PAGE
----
|P is for Practical|
OK: Java! Java!. But here's why I think so.
Perl is just plain *wonderful* -- up to a point. It lets you do some pretty sizable jobs with incredible ease. But there comes a point where the job gets bigger than perl (or any other scripting language) can handle. For big jobs, where you'll probably find yourself collaborating with other developers, you need an industrial-strength language.
Funnily enough, it's just about at the point where perl collapses under its own weight that OO techniques become useful. This is also the point where a bit more design thought before you code starts to pay off.
(Sorry, much as I love perl, I don't consider its OO support one of its strong points).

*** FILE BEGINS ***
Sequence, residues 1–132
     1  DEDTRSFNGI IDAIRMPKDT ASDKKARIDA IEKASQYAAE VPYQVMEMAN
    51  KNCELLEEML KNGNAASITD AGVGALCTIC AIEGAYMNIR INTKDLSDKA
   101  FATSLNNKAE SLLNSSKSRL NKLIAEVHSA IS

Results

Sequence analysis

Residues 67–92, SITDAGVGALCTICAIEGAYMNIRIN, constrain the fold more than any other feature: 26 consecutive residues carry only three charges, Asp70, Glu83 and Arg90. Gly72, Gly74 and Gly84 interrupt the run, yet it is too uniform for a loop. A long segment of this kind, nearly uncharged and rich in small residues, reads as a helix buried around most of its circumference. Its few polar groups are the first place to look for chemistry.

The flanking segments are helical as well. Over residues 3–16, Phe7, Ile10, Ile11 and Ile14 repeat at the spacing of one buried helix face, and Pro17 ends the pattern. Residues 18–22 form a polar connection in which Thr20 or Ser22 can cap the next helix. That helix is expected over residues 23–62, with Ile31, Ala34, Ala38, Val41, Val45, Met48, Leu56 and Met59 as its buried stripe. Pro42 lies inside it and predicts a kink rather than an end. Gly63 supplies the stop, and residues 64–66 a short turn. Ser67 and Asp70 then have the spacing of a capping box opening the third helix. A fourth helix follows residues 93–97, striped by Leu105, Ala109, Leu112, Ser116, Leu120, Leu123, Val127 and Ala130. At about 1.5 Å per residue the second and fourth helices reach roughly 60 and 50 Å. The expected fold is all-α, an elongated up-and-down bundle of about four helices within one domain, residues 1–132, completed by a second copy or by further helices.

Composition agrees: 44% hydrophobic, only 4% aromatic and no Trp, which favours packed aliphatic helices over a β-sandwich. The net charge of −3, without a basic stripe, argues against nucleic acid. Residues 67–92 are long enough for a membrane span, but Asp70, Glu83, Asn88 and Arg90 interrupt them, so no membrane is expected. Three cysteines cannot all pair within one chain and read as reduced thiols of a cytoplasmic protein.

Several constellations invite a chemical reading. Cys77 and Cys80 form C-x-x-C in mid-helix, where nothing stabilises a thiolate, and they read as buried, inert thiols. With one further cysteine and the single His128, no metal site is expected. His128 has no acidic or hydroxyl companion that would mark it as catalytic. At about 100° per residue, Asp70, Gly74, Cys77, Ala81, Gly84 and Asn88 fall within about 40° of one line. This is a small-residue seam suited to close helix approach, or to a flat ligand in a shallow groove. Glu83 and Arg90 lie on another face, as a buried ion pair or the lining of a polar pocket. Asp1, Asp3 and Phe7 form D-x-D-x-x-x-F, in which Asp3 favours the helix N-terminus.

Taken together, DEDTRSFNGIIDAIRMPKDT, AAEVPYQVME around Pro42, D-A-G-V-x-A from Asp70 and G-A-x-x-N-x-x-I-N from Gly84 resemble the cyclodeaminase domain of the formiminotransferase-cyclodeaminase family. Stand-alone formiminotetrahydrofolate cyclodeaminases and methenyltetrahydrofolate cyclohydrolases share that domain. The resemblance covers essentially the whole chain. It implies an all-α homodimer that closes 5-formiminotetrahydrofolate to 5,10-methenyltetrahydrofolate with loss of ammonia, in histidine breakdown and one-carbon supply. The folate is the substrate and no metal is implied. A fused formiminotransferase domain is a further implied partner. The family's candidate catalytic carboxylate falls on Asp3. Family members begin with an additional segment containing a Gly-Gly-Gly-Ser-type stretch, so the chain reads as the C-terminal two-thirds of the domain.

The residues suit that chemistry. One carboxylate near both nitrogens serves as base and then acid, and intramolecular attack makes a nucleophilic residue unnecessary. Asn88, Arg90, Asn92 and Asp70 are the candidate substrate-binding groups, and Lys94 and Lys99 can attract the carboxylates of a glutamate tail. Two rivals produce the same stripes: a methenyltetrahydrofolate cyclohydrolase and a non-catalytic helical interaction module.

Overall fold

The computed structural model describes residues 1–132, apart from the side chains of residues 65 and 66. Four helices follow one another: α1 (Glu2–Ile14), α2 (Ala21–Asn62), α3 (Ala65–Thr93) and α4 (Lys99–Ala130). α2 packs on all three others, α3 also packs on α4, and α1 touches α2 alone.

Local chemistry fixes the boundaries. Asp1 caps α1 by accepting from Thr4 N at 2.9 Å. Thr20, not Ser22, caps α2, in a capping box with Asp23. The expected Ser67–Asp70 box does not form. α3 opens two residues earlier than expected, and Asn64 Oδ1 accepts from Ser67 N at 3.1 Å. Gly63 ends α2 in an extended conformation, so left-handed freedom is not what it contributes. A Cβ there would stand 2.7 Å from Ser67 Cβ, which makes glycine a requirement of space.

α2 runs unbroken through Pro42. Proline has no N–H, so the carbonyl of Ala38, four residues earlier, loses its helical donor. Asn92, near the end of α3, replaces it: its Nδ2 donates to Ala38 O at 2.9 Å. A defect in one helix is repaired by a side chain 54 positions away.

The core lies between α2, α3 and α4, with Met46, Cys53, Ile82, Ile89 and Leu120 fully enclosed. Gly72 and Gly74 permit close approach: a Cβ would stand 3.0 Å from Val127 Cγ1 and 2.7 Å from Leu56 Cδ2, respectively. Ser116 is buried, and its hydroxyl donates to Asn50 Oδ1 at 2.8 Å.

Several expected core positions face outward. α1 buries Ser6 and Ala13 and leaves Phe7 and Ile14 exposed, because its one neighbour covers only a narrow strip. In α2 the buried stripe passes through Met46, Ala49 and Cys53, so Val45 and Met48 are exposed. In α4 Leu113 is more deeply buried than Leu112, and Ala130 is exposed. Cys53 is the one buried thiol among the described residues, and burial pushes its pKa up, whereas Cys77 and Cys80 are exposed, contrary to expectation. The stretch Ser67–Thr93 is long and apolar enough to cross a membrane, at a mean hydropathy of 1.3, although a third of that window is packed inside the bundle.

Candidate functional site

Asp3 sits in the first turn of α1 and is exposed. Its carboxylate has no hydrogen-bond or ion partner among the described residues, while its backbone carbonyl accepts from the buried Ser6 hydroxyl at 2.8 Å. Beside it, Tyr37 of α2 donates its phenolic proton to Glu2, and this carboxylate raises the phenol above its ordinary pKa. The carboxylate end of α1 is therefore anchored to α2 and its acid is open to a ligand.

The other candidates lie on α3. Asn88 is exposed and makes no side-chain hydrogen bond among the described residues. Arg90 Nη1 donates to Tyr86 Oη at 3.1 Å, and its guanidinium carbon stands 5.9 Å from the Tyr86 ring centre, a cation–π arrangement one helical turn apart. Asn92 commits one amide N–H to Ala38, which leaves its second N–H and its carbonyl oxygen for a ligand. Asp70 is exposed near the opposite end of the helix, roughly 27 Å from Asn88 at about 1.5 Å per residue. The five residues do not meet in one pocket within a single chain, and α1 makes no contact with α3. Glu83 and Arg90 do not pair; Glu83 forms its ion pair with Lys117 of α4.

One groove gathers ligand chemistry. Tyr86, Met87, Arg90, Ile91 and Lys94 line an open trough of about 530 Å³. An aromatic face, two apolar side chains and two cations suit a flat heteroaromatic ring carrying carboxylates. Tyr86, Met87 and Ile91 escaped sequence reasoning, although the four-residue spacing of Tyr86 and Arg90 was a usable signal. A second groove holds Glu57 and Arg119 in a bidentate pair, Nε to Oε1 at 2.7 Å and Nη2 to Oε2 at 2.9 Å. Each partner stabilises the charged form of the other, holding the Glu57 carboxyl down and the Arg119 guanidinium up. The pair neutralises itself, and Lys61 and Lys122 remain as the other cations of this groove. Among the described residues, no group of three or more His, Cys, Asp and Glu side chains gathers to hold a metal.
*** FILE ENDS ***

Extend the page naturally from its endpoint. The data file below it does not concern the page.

Lots of languages inhabit the space that lies beyond above scripting languages, and I'm not familiar with most of them. But I like Java. IMHO, it has got OO just about right: not as kludgy as C++, but usable to do real stuff, unlike more academic offerings like Eiffel.
Java's not as facile to code in as perl (no surprises there). But that's where tools come in. To program in an IDE like Eclipse is a completely different experience. A lot of the heavy lifting is done for you.
Eventually, you may find design tools, such as one of the numerous UML packages, useful for doing really big jobs.
Go down this route and, as an earlier Anonymous poster suggested, you will "learn about the essentials of computer science which will make you a better programmer". In the process, you may find your way to a few things that are more enjoyable (and remunerative) than Sysadmin jobs.
But you'll still find that, for the small things that need doing every day, there's nothing like perl.